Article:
The city's most contentious Broadway commentator, Riedel has managed to offend nearly everyone in the business with his twice-weekly Post column.
A native of Rochester and a Young Republican in college, Riedel planned to go into law or politics after graduating from Columbia. Instead a friend offered him a job at the now defunct Theater Week, which commenced his career as a commentator on the Great White Way. In 1993, Riedel was hired by the Daily News; five years later, he took his act to the Post. Thanks to his biting style—"I'm a wimp when it comes to physical violence, but give me a keyboard and I'll kill ya"—Riedel has become one of the most read, and most influential, voices in the theater community. In addition to his duties at the Post, Riedel hosts a weekly PBS show with his friend Susan Haskins called Theater Talk.
Some have suggested that Riedel's influence on the theater biz now exceeds that of the New York Times chief theater critic, Ben Brantley. "Michael Riedel has eclipsed Ben Brantley as the single most discussed element in marketing meetings for Broadway shows," one theater executive declared to a reporter. Detractors say Riedel is obsessed with the negative—and he's admitted as much in the past: "I love a fiasco, and I love to watch it all fall apart." He's also been accused of harboring grudges against specific producers and directors. In recent years, he's trained his ire on Dance of the Vampires, The Scarlet Pimpernel, Sweet Smell of Success, and Seussical! The few productions he's actually approved of: Julie Taymor's Lion King, the Tommy Tune production of Nine, and Closer.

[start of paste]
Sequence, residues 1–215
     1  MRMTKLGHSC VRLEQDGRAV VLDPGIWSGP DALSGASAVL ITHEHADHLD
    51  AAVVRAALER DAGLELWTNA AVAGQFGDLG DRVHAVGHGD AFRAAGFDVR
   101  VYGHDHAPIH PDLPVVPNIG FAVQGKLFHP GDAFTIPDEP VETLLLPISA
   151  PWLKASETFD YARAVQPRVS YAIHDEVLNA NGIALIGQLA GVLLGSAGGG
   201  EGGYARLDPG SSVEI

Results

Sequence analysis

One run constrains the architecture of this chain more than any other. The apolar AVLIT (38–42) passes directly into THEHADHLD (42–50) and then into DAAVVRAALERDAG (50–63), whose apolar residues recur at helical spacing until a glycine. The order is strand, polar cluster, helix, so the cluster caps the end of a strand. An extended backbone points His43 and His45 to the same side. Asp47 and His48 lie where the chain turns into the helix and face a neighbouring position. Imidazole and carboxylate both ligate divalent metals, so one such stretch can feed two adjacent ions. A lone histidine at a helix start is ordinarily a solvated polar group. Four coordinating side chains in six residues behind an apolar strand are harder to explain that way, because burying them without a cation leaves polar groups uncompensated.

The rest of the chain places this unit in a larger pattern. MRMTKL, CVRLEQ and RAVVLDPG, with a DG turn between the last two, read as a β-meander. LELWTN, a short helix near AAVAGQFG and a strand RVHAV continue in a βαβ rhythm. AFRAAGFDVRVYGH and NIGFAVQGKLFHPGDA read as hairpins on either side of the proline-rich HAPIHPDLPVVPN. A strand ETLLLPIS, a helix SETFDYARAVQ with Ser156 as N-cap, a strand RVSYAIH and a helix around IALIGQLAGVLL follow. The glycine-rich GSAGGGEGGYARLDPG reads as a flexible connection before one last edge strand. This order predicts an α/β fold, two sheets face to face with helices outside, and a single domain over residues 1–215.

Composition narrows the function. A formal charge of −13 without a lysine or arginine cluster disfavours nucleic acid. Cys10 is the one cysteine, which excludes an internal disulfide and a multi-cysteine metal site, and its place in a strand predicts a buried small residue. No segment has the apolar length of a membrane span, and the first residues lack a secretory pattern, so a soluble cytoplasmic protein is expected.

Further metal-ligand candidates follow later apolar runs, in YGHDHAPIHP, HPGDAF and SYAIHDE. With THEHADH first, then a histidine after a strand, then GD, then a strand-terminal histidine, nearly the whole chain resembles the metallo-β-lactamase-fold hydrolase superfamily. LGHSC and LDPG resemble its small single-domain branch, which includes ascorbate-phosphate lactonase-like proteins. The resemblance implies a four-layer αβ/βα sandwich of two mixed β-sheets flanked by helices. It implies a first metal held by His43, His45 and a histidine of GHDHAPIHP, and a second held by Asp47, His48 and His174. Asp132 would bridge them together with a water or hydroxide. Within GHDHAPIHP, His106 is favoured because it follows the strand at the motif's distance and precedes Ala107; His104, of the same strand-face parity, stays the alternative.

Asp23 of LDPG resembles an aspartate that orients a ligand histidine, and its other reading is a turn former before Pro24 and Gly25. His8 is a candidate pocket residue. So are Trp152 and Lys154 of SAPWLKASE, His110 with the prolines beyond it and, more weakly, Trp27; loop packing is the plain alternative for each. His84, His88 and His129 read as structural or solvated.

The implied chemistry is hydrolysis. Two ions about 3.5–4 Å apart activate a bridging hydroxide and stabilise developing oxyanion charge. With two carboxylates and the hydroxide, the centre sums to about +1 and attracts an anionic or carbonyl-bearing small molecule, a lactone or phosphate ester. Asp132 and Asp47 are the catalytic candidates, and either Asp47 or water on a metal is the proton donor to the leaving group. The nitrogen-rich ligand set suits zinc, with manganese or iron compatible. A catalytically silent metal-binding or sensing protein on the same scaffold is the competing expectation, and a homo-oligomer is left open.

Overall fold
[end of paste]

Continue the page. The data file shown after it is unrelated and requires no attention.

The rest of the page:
After Riedel called the 2004 Fiddler on the Roof revival "de-jewed," the show's director, David Leveaux, punched him in the face at Angus McIndoe on 44th street. Both emerged relatively unscathed, although Riedel's watch was broken.
Since 1996, when his then-girlfriend moved to LA, Riedel has lived by himself in small one-bedroom on Perry Street. A portrait of Igor Stravinsky hangs on the fireplace mantle.
Riedel performed on stage himself as a teenager. He appeared in a production of the Diary of Anne Frank at his Catholic high school.